• 29th April 2012 P. P. Shah & Associates 14 TYPES OF TAX HAVENS  Base Havens:  Traditional offshore centers with nil of very low tax on corporate or business income  Few or no treaties  Charges fees in lieu of taxes  No Exchange Control  High Level of Banking and Commercial Secrecy  Less Chances of Exchange of Information  Scant regulatory norms Primary Use – to collect and accumulate income in tax free / low tax environment; safe haven for undeclared funds
    • 29th April 2012 P. P. Shah & Associates 15 TYPES OF TAX HAVENS  Treaty Havens:  Traditional offshore centers with reasonable domestic tax rates  Special tax regimes that allow the use of their treaty network for offshore activities  NIL withholding taxes on inbound and outbound income Primary Use: Flow through income with low or NIL taxes
    • 29th April 2012 P. P. Shah & Associates 16 EXAMPLES: TYPES OF TAX HAVENS S.N. Particular Example of Countries 1 No corporate tax Bermuda, Cayman Island 2 low-taxed countries Hong Kong, Ireland, Jersey 3 Jurisdictions with no (or very few) tax treaties that offer nil (or very low) or negotiated tax regimes for offshore entities British Virgin Islands, Cook Islands, US Virgin Islands 4 No or nil tax regimes for offshore companies with the benefit of tax treaties Cyprus, Malaysia, Mauritius 5 Fiscally beneficial regimes for intermediary holding finance or licensing companies with full benefits of treaty network Austria, Belgium, Denmark, France, Germany 6 Special tax concessions for entities engaged solely in management services and coordination activities for multinational activities Belgium, Denmark, France, Germany, Malaysia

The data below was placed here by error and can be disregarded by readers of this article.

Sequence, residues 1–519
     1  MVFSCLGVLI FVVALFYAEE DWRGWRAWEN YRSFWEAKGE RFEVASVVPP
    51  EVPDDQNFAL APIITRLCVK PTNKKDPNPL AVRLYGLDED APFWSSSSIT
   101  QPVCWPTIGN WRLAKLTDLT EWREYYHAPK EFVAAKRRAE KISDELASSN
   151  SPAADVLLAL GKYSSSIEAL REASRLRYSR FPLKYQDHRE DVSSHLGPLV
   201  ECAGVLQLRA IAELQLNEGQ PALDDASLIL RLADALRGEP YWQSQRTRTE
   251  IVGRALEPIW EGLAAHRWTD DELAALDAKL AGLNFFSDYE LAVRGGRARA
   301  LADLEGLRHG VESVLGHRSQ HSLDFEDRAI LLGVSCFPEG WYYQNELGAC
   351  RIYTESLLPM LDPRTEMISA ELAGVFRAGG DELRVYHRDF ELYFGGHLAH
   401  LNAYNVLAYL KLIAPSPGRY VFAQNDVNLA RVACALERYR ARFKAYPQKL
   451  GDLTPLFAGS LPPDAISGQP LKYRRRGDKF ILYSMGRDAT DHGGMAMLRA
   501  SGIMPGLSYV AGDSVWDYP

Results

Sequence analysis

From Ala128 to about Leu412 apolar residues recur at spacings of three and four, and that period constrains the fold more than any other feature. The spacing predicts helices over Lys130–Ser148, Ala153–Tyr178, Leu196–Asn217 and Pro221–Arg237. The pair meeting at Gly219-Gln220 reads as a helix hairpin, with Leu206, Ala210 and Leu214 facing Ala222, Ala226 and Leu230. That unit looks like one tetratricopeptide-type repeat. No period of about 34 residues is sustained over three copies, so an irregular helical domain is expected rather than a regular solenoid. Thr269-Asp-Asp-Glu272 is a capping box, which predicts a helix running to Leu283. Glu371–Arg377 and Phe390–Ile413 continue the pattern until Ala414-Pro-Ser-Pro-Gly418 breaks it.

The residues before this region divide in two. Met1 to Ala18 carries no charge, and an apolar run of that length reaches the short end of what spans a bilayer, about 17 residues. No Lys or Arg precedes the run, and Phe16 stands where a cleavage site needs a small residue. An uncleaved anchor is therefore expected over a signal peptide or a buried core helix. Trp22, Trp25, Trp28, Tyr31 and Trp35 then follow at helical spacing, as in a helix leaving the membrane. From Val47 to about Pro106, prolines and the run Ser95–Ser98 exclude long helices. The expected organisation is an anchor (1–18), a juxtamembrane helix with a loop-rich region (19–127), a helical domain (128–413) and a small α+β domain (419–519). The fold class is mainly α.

• 29th April 2012 P. P. Shah & Associates 17 EXAMPLES: TYPES OF TAX HAVENS S.N. Particular Example of Countries 7 Jurisdictions with fiscal incentive for new residents Ireland, Israel 8 Retirement havens for high net worth individuals Cyprus, Sri Lanka 9 Offshore jurisdictions for estate planning or asset protection trusts Bahamas, Cayman Island 10 Special incentives for shipping operations Singapore, Cyprus 11 Encourage captive insurance activities Ireland, Mauritius
    • 29th April 2012 P. P. Shah & Associates 18 EFFECTS OF TAX HAVENS  Integrated financial markets pose new global challenges  Opportunities for illicit activities:  Money laundering  Misuse of corporate vehicles  Terrorist financing  Tax abuse  Threats to stability of financial system All activities which thrive in climate of secrecy, non- transparency and non-cooperation
    • 29th April 2012 P. P. Shah & Associates 19 EFFECTS OF TAX HAVENS  Treaty shopping: Routing of income arising in one country to a person in another country through an intermediary country to obtain the tax advantage of tax treaties  Round Tripping: Flow back of money into the country sent out through hawala  Escaping the regulatory regime of home country  Revenue implications of the illegitimate use of tax havens can be serious; it is estimated that developing countries loose as much as US $50 billion per year in tax revenue  MNCs can defer their taxes indefinitely using transfer pricing